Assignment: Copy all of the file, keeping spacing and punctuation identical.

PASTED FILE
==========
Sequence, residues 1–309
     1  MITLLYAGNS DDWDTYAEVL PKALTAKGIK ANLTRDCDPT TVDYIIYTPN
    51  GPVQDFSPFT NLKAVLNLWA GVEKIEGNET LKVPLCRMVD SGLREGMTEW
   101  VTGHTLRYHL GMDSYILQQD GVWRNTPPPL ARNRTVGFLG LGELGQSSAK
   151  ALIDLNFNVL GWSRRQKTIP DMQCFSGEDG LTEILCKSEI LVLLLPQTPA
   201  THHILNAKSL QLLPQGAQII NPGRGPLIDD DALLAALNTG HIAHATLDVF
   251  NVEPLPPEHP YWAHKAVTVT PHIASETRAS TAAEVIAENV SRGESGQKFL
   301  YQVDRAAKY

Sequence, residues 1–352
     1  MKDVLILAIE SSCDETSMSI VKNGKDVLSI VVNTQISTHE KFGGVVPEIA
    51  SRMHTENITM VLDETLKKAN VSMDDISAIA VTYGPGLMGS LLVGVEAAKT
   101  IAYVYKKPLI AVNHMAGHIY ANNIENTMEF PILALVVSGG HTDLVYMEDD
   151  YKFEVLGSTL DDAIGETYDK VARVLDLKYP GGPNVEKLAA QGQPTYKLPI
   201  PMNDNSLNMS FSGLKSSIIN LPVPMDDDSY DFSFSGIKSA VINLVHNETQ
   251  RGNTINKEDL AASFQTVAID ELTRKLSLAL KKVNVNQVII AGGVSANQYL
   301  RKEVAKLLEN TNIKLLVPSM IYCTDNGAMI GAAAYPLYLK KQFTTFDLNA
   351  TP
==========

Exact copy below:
Sequence, residues 1–309
     1  MITLLYAGNS DDWDTYAEVL PKALTAKGIK ANLTRDCDPT TVDYIIYTPN
    51  GPVQDFSPFT NLKAVLNLWA GVEKIEGNET LKVPLCRMVD SGLREGMTEW
   101  VTGHTLRYHL GMDSYILQQD GVWRNTPPPL ARNRTVGFLG LGELGQSSAK
   151  ALIDLNFNVL GWSRRQKTIP DMQCFSGEDG LTEILCKSEI LVLLLPQTPA
   201  THHILNAKSL QLLPQGAQII NPGRGPLIDD DALLAALNTG HIAHATLDVF
   251  NVEPLPPEHP YWAHKAVTVT PHIASETRAS TAAEVIAENV SRGESGQKFL
   301  YQVDRAAKY

Sequence, residues 1–352
     1  MKDVLILAIE SSCDETSMSI VKNGKDVLSI VVNTQISTHE KFGGVVPEIA
    51  SRMHTENITM VLDETLKKAN VSMDDISAIA VTYGPGLMGS LLVGVEAAKT
   101  IAYVYKKPLI AVNHMAGHIY ANNIENTMEF PILALVVSGG HTDLVYMEDD
   151  YKFEVLGSTL DDAIGETYDK VARVLDLKYP GGPNVEKLAA QGQPTYKLPI
   201  PMNDNSLNMS FSGLKSSIIN LPVPMDDDSY DFSFSGIKSA VINLVHNETQ
   251  RGNTINKEDL AASFQTVAID ELTRKLSLAL KKVNVNQVII AGGVSANQYL
   301  RKEVAKLLEN TNIKLLVPSM IYCTDNGAMI GAAAYPLYLK KQFTTFDLNA
   351  TP